Aaron noted the other day that Mark Grace’s jail stint for drunk driving includes a work release component and that he’ll be doing spring training instruction for the Diamondbacks. Nick Piecoro caught up with Grace and gave a rundown of his day:
So in the end, Grace is blessed all over again. He gets to wear a uniform and not a jumpsuit. He’s spared the indignity of pink underwear. He reports every night at 6p.m., and is released 12 hours later … Members of the coaching staff poke fun at how he stuffs himself full of clubhouse food during the afternoon (thereby avoiding the prison grub). Or how he chain smokes before leaving the facility, filling up on nicotine.
I realize that sleeping in Sheriff Joe’s tent city is not exactly nice. As Grace tells Piecoro, it gets really cold at night. But still: twelve hours in jail a day, with around 10 of them spent sleeping, and the rest of the time hanging out at spring training, eating the clubhouse spread and everything sounds … somewhat less than real punishment.
ESPN’s Jerry Crasnick reported on Monday that the Angels have received inquiries from multiple teams concerning starter Hector Santiago. He adds that the club is willing to listen to offers. Jon Morosi of FOX Sports and MLB Network reports that the Marlins are among the teams that have inquired.
Santiago, 28, has pitched to a 4.32 ERA with 96 strikeouts and 47 walks in 110 1/3 innings. Sabermetric statistics such as FIP, xFIP, and SIERA think the lefty has pitched even worse than his ERA indicates however, pitting 2016 as his worst performance to date.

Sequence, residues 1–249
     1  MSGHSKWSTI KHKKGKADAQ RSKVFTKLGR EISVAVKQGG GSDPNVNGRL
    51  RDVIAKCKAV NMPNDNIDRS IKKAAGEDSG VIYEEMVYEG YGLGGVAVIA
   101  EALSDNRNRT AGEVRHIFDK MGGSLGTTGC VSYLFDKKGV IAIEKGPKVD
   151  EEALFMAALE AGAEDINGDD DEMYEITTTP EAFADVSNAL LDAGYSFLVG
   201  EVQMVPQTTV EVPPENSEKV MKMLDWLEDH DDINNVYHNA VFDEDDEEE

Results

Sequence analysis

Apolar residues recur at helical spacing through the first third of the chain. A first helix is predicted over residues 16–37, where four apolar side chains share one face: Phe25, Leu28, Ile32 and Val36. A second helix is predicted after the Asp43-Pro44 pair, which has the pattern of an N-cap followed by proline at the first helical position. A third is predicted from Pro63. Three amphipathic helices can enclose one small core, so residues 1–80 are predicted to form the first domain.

Santiago is earning $5 million this season and will enter his third and final year of arbitration eligibility going into 2017.
We also learned earlier that, in an effort to bolster their starting rotation, the Marlins have also shown interest in Wade Miley of the Mariners and Jeremy Hellickson of the Phillies.
The Rangers placed DH Prince Fielder on the disabled list last week due to more neck discomfort. On Friday, Fielder met with Dr. Drew Dossett, who performed spinal fusion surgery on Fielder in 2014 for a herniated disk in his neck. Dossett has recommended another procedure, so Fielder will undergo season-ending surgery this week, Jeff Wilson of the Fort-Worth Star Telegram reports.
Fielder was having a rough season, batting .212/.292/.334 with eight home runs and 44 RBI in 370 plate appearances. He played in only 42 games in 2014, but returned in 2015 looking more like his old self. Unfortunately, neck and back issues are notoriously difficult to fix. Hopefully, this upcoming procedure does the trick for Fielder.
Fielder is owed $24 million per season through 2020, with the Tigers paying $6 million of it per season.